This is the "long" version of the Big Wednesday, not the one Milius re-edited for television. But there are still some things missing. In the version I remember, there was a brief bit of narration that indicated that, though the lads sought to dodge the draft, if they were caught, they still served with honor. That seems to be gone from this version.

Big Wednesday was criticized at the time for its pomposity ("Who knows where the wind comes from?") and for some narrative incoherence. A character is killed in Vietnam, but the reviewers couldn't figure out who it was (it was Waxer, played by Darrell Fetty). And some reviewers called Sam Melville, who had previously been in a cop TV series, the worst actor ever (he's not). Though Matt Johnson is the main character, the real life of the actor who played him, Jan-Michael Vincent, has come to resemble the part he played, as has been profiled on 60 Minutes and as Milius notes on the audio track. Despite all this, I really love this film. It's set in a milieu I would probably hate if I had to lived in it, but on the screen it has its appeal, with its bleached blonde vixens lying about the beach in their tight black swimsuits.

But where the film really touches the heart is in its portrayal of contrasting relationships. The straight arrow Jack who ends up a Marine, forges a romance with Sally (Patti D'Arbanville), a girl fresh from Chicago, while Matt Johnson is dating Peggy Gordon (Lee Purcell), who used to pull trains for the surfers (they called her the Point Grinder) but has settled down with Matt. While Sally eventually can't take Jack's facing death and marries someone else, Peggy sticks with Matt through everything, including drunken binges, a baby out of wedlock, and his brooding over the loss of his youth, until age finally brings him a measure of wisdom. They alliance is one of the great celebrations of marriage in the movies.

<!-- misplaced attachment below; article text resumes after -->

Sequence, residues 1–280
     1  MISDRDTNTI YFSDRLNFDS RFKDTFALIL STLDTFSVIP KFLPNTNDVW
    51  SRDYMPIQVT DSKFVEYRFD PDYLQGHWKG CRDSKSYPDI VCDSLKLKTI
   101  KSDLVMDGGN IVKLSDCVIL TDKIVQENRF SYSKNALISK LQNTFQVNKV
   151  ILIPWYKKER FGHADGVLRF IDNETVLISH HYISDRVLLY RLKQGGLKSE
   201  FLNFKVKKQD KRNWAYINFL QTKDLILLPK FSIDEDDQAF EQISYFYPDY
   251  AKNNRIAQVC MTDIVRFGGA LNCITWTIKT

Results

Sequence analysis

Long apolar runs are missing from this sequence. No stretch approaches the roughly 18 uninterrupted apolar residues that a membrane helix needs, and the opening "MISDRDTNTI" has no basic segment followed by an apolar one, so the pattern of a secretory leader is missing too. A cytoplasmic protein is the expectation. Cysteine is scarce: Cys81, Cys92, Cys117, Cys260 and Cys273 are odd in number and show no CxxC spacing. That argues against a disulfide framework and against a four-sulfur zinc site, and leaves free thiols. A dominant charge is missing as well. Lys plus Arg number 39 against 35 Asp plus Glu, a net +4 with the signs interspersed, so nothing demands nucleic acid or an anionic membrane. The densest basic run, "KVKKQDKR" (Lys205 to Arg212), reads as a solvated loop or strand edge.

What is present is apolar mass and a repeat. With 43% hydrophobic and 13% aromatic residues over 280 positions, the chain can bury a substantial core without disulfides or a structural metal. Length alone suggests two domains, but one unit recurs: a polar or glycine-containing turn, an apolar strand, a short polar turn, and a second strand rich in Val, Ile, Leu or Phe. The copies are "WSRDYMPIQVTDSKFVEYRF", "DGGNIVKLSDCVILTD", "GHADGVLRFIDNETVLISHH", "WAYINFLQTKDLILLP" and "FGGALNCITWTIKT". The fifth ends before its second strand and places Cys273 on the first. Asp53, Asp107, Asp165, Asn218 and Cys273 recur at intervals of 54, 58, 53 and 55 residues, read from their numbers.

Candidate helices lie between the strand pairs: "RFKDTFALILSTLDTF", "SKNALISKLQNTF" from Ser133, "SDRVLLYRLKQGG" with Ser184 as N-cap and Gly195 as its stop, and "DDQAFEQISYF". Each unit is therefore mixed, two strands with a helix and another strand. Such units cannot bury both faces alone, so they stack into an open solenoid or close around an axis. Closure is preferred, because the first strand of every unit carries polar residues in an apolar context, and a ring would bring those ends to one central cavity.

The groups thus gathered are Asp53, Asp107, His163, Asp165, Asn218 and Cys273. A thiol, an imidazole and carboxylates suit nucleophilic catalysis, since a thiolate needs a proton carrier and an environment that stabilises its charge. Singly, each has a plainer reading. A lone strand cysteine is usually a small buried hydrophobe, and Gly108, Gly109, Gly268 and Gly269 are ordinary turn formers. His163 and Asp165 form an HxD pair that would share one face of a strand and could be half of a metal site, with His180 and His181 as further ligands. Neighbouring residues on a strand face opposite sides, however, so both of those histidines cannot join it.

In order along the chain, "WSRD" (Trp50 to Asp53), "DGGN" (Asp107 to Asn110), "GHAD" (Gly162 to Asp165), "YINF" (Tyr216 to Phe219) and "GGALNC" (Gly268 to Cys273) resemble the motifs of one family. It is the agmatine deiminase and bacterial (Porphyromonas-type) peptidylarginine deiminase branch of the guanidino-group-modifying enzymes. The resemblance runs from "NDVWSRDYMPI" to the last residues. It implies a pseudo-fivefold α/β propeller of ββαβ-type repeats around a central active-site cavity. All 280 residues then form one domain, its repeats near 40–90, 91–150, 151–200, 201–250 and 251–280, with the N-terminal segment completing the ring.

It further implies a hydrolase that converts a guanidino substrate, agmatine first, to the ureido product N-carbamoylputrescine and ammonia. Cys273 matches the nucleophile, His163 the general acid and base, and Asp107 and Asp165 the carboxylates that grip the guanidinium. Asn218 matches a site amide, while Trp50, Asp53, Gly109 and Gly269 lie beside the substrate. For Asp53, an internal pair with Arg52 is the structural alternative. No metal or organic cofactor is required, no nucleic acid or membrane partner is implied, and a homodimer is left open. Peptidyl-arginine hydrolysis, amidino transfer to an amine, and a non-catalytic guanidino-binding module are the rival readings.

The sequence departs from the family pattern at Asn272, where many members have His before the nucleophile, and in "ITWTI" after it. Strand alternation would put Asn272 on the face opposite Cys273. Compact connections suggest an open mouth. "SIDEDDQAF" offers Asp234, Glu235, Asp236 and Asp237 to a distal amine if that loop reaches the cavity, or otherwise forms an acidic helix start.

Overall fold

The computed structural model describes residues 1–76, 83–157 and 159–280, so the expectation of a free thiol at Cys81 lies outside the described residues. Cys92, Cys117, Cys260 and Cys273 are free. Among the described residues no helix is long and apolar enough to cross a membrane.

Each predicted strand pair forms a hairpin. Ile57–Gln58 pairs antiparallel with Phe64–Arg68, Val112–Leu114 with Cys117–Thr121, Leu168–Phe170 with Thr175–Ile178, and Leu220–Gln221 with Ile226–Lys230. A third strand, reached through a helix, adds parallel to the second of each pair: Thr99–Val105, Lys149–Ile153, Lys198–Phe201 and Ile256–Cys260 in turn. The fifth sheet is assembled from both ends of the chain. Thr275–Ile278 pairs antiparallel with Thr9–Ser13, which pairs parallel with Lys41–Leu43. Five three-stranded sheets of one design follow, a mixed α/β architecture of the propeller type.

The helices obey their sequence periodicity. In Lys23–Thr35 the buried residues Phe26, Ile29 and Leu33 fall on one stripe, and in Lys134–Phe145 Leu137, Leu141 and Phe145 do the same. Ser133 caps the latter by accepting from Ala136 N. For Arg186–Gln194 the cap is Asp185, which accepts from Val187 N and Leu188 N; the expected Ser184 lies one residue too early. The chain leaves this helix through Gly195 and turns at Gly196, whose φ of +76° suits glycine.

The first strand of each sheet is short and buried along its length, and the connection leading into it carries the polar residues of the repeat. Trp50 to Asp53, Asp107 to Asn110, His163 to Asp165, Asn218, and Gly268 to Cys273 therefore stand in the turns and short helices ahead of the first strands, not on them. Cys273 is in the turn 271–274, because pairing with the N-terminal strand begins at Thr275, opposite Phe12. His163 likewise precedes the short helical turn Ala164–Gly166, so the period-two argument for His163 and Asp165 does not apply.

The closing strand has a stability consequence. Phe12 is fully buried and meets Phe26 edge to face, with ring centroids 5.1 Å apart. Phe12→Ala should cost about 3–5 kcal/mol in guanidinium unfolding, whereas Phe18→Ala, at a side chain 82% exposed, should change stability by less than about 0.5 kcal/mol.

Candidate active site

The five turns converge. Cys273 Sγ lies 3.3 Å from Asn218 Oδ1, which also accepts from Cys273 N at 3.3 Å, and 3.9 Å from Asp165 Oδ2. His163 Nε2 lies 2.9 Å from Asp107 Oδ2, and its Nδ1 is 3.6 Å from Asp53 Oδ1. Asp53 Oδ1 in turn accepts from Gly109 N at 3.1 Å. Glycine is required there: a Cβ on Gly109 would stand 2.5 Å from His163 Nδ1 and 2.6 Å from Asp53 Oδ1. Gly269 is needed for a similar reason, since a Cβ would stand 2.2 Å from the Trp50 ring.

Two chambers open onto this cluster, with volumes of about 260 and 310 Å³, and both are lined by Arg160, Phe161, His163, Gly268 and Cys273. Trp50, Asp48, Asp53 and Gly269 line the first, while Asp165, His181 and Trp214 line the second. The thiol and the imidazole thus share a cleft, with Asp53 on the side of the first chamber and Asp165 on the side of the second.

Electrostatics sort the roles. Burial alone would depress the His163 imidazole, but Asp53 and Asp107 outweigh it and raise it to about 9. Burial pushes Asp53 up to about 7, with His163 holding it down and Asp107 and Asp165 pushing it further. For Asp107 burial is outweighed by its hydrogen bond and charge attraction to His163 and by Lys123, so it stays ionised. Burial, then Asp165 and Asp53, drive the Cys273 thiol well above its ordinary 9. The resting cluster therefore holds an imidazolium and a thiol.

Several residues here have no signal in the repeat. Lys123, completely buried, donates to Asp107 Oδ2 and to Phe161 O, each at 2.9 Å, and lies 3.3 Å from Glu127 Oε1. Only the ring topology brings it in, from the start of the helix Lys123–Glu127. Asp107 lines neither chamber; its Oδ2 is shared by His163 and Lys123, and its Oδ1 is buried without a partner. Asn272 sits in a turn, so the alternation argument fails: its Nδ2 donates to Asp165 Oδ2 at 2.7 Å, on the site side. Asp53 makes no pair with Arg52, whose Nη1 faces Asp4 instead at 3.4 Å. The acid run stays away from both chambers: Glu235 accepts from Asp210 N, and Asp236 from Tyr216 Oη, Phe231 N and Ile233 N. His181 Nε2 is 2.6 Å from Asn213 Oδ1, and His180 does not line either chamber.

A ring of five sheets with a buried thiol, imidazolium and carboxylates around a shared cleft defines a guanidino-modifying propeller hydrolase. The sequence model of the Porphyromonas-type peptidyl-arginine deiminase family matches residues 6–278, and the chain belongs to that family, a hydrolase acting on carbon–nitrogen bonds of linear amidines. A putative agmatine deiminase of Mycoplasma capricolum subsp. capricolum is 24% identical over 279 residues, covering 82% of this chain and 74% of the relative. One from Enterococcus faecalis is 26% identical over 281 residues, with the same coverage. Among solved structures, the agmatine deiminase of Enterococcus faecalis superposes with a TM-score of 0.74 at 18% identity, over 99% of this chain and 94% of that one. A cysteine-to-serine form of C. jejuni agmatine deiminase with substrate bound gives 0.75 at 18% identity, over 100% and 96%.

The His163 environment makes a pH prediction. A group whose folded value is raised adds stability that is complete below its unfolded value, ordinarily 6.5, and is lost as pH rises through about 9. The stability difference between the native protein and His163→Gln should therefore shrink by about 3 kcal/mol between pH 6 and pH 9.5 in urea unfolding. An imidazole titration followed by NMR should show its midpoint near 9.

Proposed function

Notes Look for Freddy Krueger (actor Robert Englund) as a draft evader named Fly; and look for Joe Spinell (from the two Godfathers as well as several cult horror films) as an army psychiatrist; producer Gray Frederickson plays a doctor testing Vincent's leg; and that's Della Street (Barbara Hale), the real life mom of William Katt, playing his movie mom. Reb Brown plays Enforcer. Frank McRae, a cult figure among directors such as Milius and Robert Zemeckis at the time, also has a small part. Aaberg appears in the film as a surfer who later becomes a drug dealer, and he also wrote the novelization of the script.


VIDEO: Warner Bros. disc of Big Wednesday looks beautiful. The cinematography of Robert Surtees, who did many Eastwood films, is excellent, with rich, deep, blue skies. It feels at times like a Peckinpah film, which Milius acknowledges. The second unit photography, produced by Greg MacGillivray, and shot by him and by George Greenough and Dan Merkel, is beautiful, and they capture the only photographic versions of Hokusai waves I've ever seen. The photography done on this film was revolutionary, and it really puts you in the middle of the tube. Thanks to the photography and the editing, Milius also puts you in a wipe out and it really feels like one (I know). Doubles were used for the stars, but the actors did enough of their own surfing to lend verisimilitude.

SOUND: The Dolby Digital 2.0 Surround soundtrack comes in both English and French (the film is very popular in France), with English, French, Spanish, and Portuguese subtitles. As is customary with Warner Bros., the subtitles leave out a lot of the actual words spoken on the track. But it's a very clean track.